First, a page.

Florida Appeals Court Backs Governor Order Requiring In-Person Schooling

Crossing guard Queenie Howe stops traffic for students arriving at the campus of Casselberry Elementary and South Seminole Middle School, in Casselberry, Fla., on the first day of classes for Seminole County Public Schools, August 17, 2020. (Joe Burbank/Orlando Sentinel via AP)

TALLAHASSEE, Fla. (CN) — A state appeals court sided with Florida’s governor on Friday in a teacher’s union-backed lawsuit challenging an executive order requiring in-person instruction in public schools.

All of Florida’s school districts opened brick-and-mortar schools in August, so the three-judge panel’s decision will not substantially affect the school year.

The order reversed a ruling by Leon County Circuit Judge Charles Dodson.

“If school districts exercised that option, students who preferred to return to the classroom would once again need to shift to online classes — even if online instruction did not serve their mental, physical, or emotional needs,” Judge Lori Rowe wrote in a decision joined by Judges Thomas Winokur and Harvey Jay.

“Parents who chose to send their children back to the classroom would lose the right to choose the best education setting for their children,” Lowe wrote in the 31-page opinion released late Friday. “And many parents would be left scrambling to find adequate daycare for their children.”

The judges also surmised that an injunction on the order could affect federal funding and cause confusion among parents and children if school boards had to hastily reshape their plans.

“And thus, an injunction would not serve the public interest,” Lowe wrote.

Florida Commissioner of Education Richard Corcoran issued an executive order on July 6 that requires all brick-and-mortar schools to reopen next month for at least five days per week. Parents can choose to continue virtual learning.

The Florida Education Association filed the initial complaint in Miami-Dade Circuit Court against Cocoran, Governor Ron DeSantis, Florida Commissioner of Education Richard Corcoran, the Florida Board of Education and Carlos Gimenez, the mayor of Miami-Dade County.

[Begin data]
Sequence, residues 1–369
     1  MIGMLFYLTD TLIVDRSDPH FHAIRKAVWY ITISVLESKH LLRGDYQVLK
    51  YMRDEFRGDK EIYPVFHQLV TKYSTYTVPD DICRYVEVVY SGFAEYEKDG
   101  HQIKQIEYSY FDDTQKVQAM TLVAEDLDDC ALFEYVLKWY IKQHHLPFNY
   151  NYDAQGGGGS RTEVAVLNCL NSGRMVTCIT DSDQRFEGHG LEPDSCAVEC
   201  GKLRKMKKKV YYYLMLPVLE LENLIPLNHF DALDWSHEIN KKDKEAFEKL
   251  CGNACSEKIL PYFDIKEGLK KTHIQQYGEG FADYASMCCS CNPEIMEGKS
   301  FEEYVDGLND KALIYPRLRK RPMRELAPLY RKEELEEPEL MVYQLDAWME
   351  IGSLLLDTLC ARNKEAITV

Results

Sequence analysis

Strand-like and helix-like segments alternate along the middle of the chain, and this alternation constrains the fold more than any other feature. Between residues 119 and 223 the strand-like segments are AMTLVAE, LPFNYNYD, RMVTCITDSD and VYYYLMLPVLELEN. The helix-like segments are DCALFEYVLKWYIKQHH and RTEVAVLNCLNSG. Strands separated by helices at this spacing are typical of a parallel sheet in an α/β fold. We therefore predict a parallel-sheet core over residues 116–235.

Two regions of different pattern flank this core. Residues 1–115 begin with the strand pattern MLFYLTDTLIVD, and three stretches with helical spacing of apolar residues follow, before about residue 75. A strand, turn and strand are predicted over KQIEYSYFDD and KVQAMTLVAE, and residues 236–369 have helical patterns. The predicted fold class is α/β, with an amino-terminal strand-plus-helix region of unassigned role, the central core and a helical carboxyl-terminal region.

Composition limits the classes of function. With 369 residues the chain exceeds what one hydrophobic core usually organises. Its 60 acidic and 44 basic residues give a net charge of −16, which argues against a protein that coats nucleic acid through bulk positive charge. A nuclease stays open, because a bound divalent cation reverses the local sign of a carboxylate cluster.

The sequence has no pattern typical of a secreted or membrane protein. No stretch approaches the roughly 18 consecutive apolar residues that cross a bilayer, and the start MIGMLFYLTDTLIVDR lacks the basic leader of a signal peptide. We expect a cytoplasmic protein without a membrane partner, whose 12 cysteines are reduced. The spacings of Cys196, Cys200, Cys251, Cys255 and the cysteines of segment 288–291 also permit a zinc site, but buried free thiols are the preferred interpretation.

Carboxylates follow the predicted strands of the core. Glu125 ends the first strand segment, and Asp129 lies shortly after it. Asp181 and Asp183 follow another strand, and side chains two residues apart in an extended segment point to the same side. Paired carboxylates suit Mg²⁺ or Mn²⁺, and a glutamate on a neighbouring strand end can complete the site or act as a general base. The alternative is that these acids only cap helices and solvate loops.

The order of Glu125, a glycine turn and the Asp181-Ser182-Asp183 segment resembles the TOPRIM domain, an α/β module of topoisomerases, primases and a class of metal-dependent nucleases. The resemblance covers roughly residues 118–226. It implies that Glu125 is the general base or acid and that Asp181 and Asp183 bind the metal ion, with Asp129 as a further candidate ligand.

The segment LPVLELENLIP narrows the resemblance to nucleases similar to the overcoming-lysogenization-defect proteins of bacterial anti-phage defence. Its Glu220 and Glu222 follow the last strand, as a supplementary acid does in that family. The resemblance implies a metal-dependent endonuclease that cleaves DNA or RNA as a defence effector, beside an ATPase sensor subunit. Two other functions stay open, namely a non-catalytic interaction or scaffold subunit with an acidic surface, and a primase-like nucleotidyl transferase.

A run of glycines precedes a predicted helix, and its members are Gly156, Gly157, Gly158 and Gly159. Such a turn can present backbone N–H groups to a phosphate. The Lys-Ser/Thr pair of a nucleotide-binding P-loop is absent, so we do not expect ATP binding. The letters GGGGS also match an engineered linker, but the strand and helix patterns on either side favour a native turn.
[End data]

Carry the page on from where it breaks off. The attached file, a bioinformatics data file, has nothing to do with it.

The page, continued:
A group of teachers and parents also joined the lawsuit as plaintiffs. The litigation was subsequently moved to Leon County, home to the state’s capitol, Tallahassee.

The union claimed opening brick-and-mortar schools violated the Florida Constitution, which mandates the “safe” operation of public schools.

The union maintained opening the schools is “arbitrary, dangerous, dangerous, and unconstitutional actions in the midst of the pandemic create an imminent threat to the public health, safety and welfare.”

The governor’s office and the teacher’s union did not immediately respond to a request to comment.

In previous statements, Corcoran and DeSantis have stressed schools should give parents the choice of in-person learning for their children or virtual learning.

In late August, the circuit court sided with the state’s largest teachers union Monday and threw out a Florida Department of Education order mandating in-person learning at schools.

“The districts have no meaningful alternative,” Dodson wrote in his 17-page order granting the Florida Education Association’s request for a temporary injunction. “If an individual school district chooses safety, that is, delaying the start of schools until it individually determines it is safe to do so for its county, it risks losing state funding, even though every student is being taught.”

During the two-day hearing, some teachers said their school districts were forcing them to teach students in-person without regard to their unique situations.

“If there is no change, I’m going to have to explain class by class I can’t return,” said James Lis, a high school science teacher in Orlando, who helps care for his 81-year-old mother-in-law. “No, I’m not going. I have chosen my kids, my students over so many difficult things, but I can’t put my family at risk.”

Dodson’s decision did not automatically close schools — most of which were already open — but allowed local school boards to make a determination without the fear of losing state funding.

That decision was quickly appealed.

Some schools in the state experienced outbreaks as schools opened, but the number of coronavirus cases statewide is down.

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